There is a new Oriental Fruit Fly Detection in Miami-Dade County confirmed on August of 2015 by the Department of Agriculture and Consumer Services (FDACS). Education on prevention, monitoring and eradication once is detected is the key to keep this new detection under control.
If you want to see where is the Oriental Fruit Fly Program Redland Quarantine Zone: Click HERE and go to MAPS section
What plants they like? These flies infest a broad range of host plants including fruits and vegetables wherever they occur. The exact host range varies by area of infestation, so for those operations that grow tropical fruit in conjunction with fruiting ornamental plants, this is an alert to be on the lookout for this pest.
This fly prefers fruit and vegetables over ornamental plants. Oriental fruit fly is a destructive insect pest of innumerable commercial agricultural crops. Fruits (including berries), many kinds of vegetables, and the fruiting bodies of many wild and ornamental plants are known to be hosts or possible hosts of the Oriental fruit fly. Some ornamental plants are listed:
- Areca palm: Areca catechu L
- Benjamin fig: Ficus benjamina L.
- Cactus: Cereus aethiops Haw
- Creeping fig or climbing fig: Ficus pumila L
- Chinese banyan: Ficus microcarpa L. f.
- Coco plum: Chrysobalanus icaco L.
- Date palm: Phoenix dactylifera L
- Pond‐apple: Annona glabra L
If you want to read the entire list of host Click HOST HERE and go to HOST LIST section
About the fly (Bactrocera dorsalis): Oriental fruit fly eggs hatch in 1 – 3 days. Ideal conditions for incubation are 80 ⁰F. and 70 % relative humidity. Eggs are laid within the host fruit or vegetable. Cool weather prolongs the life cycle, which would probably be about 30 days in Florida during the warm months. The larvae feed and develop inside the host material, making it unfit for human consumption. Larval feeding usually results in premature fruit drop.
The larvae drop from the host fruit or vegetable, burrow into the soil (½ to 2 inches deep) and enter the pupal stage for 10 to 12 days until the adults emerge. Ideal conditions for pupae are 75 to 80 ⁰ F. and 70 to 80% relative humidity; below about 50⁰F. no development takes place.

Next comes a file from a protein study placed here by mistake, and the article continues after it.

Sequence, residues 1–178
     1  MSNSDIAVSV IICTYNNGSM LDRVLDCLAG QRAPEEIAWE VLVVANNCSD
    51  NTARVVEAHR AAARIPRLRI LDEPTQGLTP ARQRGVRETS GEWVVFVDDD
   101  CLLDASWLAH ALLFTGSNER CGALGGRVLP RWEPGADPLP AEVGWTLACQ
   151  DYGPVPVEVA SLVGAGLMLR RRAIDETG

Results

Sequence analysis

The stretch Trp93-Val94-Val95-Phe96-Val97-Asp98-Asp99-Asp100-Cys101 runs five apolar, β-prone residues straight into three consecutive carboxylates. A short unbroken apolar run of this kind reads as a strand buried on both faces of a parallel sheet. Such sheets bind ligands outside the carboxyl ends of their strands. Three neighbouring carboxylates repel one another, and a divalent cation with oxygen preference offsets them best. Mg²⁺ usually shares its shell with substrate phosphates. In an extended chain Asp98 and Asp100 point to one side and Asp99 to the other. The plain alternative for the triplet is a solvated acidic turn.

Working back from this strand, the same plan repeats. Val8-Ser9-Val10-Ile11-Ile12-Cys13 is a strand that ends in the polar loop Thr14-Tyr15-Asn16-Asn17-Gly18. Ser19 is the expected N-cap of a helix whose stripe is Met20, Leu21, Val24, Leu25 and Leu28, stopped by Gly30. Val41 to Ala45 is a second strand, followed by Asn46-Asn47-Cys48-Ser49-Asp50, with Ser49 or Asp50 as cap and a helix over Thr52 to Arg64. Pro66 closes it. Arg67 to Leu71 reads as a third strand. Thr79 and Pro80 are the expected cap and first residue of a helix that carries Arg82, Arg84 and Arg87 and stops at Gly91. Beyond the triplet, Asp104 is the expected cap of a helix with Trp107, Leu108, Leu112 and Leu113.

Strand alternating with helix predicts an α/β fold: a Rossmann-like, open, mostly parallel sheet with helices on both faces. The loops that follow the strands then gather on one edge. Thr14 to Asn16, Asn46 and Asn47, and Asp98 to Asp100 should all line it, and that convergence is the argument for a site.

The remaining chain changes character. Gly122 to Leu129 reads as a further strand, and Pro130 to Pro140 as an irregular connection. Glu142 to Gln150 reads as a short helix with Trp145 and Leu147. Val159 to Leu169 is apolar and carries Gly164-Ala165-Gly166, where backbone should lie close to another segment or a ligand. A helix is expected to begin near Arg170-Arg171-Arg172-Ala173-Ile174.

The adult oriental fruit fly emerges from its pupal case and digs its way through the soil, usually in the early hours of sunlight when the relative humidity is high. During their first week as adults, flies search out food sources such as honey-dew, nectar, decomposing fruit, or bird droppings. During this stage the adult flies frequently disperse away from the area where they emerged from the soil, often several miles. More about the fly. Click HERE and go to RELATED LINKS
If you suspect your grove/nursery could be in danger or would like to know more about the current
Oriental Fruit Fly (OFF) program in Miami-Dade
Please attend the next informative workshop by The University of Florida Tropical Research and Education Center (TREC), USDA-APHIS and Division of Plant Industry (DPI) specialists. More info CLICK HERE
Date: September 9th, 2015 (Wednesday)
Location: University of Florida/IFAS Extension Miami-Dade County.
18710 SW 288th St. Homestead, FL 33030
Time: 2:00PM – 3:30PM
- Current Oriental Fruit Fly (OFF) Program – Abbie Fox, Dir. Fla. Fruit Fly Prog., USDA-APHIS
- OFF Program Treatments within the Treatment Area – Matt Brodie, Envir. Supervisor, FDACS-DPI
- Postharvest Quarantine Treatments – Daniel Carrillo, Entomologist – Tropical Fruit Crops, UF/IFAS TREC
- Thirty-day pre-harvest bait spray and OFF trapping program – Jonathan Crane, Tropical Fruit Crop Specialist, UF/IFAS TREC and Daniel Carrillo, Entomologist – Tropical Fruit Crops, UF/IFAS TREC
- Questions and Answers